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: Sarah Kennedy

Including at 6.20 Pause for Thought.

: Wake Up to Wogan

And at 9.15 Pause for Thought.

: Aled Jones

James Blunt performs two songs from his upcoming second album.


Unknown: James Blunt

: Jeremy Vine

: Steve Wright

: Chris Evans

: Mark Radcliffe

: Masters of Rock

2/6. Iron Maiden singer Bruce Dickinson showcases classic, contemporary and obscure hard rock and metal. Tonight he chats to heavy metal guitar pioneer Tony lommi and singer Ronnie James Dio - two Black Sabbath members now performing under the name Heaven and Hell. They discuss the release of the compilation album Black Sabbath - the Dio Years, and reminisce about the drink, drugs and voodoo dolls of their early career.


Singer: Bruce Dickinson
Singer: Ronnie James Dio

: Seven More Days ThatRocked the World

2/7. Stuart Maconie recalls critical moments in popular music. He journeys back to two particularly disturbing and gruesome events in August 1969, when members of Charles Manson 's clan - the so-called "Family" - murdered Roman Polanski's pregnant actress wife
Sharon Tate and several guests at her home near Beverly Hills. Two more murders followed the next evening. A frustrated rock star. Manson claimed he'd received messages from songs on the 1968 double LP, The Beatles. The motiveless deaths triggered a further atrophying of America's innocence and optimistic spirit.


Unknown: Stuart MacOnie
Unknown: Charles Manson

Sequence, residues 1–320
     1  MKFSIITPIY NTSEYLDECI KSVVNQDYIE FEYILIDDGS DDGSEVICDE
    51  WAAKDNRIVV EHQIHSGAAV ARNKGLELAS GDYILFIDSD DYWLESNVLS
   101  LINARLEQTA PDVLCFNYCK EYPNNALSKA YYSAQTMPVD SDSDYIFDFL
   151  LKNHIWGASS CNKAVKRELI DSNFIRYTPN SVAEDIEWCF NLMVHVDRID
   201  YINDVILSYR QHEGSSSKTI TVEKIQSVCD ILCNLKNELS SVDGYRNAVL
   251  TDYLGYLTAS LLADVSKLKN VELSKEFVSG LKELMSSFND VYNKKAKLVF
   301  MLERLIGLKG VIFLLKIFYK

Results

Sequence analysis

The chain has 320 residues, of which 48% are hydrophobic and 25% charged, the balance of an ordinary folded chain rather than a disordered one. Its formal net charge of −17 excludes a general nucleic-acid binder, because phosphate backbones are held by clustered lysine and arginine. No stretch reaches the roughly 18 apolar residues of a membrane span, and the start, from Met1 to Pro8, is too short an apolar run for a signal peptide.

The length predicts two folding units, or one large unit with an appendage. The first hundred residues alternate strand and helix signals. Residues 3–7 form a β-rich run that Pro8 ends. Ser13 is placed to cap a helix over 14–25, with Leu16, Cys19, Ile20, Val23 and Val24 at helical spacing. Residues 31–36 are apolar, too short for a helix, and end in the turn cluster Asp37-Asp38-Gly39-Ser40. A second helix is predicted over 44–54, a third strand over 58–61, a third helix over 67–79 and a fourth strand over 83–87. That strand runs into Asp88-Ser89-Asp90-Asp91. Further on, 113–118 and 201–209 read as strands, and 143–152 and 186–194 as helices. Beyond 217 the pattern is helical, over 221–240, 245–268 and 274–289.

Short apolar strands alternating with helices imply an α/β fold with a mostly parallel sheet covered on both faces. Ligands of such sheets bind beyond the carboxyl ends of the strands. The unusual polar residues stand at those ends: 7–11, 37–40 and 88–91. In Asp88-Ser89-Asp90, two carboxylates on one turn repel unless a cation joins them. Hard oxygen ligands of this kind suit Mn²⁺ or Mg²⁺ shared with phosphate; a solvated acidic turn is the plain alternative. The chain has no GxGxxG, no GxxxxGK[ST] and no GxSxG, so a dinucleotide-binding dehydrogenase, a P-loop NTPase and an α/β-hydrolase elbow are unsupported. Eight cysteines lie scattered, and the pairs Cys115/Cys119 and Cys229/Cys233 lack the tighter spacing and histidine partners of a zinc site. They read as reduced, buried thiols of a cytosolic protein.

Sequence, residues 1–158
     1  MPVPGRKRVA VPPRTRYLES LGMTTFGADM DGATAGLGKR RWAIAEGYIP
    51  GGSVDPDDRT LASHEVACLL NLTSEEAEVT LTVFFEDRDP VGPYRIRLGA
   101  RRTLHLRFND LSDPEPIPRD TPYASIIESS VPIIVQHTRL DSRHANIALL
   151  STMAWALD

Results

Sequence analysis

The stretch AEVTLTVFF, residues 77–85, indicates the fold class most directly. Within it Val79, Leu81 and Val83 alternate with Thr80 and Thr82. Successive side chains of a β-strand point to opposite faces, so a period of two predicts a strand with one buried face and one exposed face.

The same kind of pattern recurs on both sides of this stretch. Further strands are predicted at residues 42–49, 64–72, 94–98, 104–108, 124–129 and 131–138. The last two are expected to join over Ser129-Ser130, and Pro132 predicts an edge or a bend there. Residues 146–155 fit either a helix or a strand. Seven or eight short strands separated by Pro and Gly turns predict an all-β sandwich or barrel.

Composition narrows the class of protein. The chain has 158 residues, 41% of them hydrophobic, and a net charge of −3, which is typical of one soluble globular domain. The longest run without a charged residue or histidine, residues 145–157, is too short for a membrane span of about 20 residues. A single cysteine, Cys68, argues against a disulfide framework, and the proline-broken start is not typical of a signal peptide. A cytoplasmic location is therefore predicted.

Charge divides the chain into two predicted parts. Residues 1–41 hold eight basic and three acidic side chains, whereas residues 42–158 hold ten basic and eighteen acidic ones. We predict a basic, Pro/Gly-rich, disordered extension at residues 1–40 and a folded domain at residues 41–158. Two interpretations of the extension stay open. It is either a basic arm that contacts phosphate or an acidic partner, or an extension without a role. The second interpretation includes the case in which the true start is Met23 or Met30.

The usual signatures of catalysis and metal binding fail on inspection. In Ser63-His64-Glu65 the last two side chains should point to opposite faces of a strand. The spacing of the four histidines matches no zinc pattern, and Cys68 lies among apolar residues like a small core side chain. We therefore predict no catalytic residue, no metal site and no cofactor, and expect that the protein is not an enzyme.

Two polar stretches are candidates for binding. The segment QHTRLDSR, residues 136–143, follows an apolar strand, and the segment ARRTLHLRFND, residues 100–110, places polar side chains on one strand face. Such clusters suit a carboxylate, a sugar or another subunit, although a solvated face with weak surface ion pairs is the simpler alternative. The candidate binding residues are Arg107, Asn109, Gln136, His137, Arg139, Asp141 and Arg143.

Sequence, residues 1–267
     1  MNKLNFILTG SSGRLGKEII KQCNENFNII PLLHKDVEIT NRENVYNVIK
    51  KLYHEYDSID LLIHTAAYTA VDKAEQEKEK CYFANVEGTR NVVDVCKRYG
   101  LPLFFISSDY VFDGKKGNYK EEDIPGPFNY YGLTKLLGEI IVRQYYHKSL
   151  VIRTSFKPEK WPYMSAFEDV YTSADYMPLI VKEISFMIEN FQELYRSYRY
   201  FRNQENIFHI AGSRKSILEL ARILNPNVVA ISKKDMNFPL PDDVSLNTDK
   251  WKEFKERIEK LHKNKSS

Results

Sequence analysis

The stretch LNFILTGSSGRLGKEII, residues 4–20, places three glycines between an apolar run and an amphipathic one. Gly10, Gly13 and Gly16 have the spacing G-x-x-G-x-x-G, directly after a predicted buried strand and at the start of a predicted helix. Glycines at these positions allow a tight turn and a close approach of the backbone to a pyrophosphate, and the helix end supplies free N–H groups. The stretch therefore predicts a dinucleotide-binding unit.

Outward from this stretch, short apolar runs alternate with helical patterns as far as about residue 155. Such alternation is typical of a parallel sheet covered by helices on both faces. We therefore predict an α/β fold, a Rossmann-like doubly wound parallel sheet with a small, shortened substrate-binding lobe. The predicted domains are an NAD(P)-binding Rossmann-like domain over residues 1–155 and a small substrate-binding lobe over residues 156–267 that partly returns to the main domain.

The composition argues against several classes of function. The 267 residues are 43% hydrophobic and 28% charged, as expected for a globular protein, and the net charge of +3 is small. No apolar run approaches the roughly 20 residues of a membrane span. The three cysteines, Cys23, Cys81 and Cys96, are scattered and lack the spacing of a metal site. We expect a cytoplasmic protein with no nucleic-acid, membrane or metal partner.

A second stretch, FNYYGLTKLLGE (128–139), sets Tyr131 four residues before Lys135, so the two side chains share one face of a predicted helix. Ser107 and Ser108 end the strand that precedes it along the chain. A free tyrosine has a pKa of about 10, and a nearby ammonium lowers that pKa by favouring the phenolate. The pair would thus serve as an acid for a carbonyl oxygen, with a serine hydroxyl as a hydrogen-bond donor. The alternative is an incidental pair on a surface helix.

Unknown: Sharon Tate

: Alan Carr and Friendsat the Fringe

2/2. Award-winning comic Alan Carr presents the cream of comedians at this year's Edinburgh International Festival, recorded at the Assembly Rooms in the Scottish capital.


Unknown: Alan Carr

: Sounds of the 70s

Steve Harley with hits and LP cuts.


Unknown: Steve Harley

: Janice Long

Including at 1.30 Pause for Thought.

: Alex Lester

3.30 as 1.30

About this project

This site contains the BBC listings information which the BBC printed in Radio Times between 1923 and 2009. You can search the site for BBC programmes, people, dates and Radio Times editions.

We hope it helps you find information about that long forgotten BBC programme, research a particular person or browse your own involvement with the BBC.

Through the listings, you will also be able to use the Genome search function to find thousands of radio and TV programmes that are already available to view or listen to on the BBC website.

There are more than 5 million programme listings in Genome. This is a historical record of the planned output and the BBC services of any given time. It should be viewed in this context and with the understanding that it reflects the attitudes and standards of its time - not those of today.

To read scans of the Radio Times magazines from the 1920s, 30s, 40s and 50s, you can navigate by issue.

Welcome to BBC Genome

Genome is a digitised version of the Radio Times from 1923 to 2009 and is made available for internal research purposes only. You will need to obtain the relevant third party permissions for any use, including use in programmes, online etc.

This internal version of Genome, which includes all the magazine covers, images and articles as well as the programme listings from the Radio Times, is different to the version of BBC Genome that is available externally/to the public. It is only available inside the BBC network.

Your use of this version of Genome is covered by the BBC Acceptable Use of Information Systems Policy and these terms.

BBC Guidance

This historical record contains material which some might find offensive
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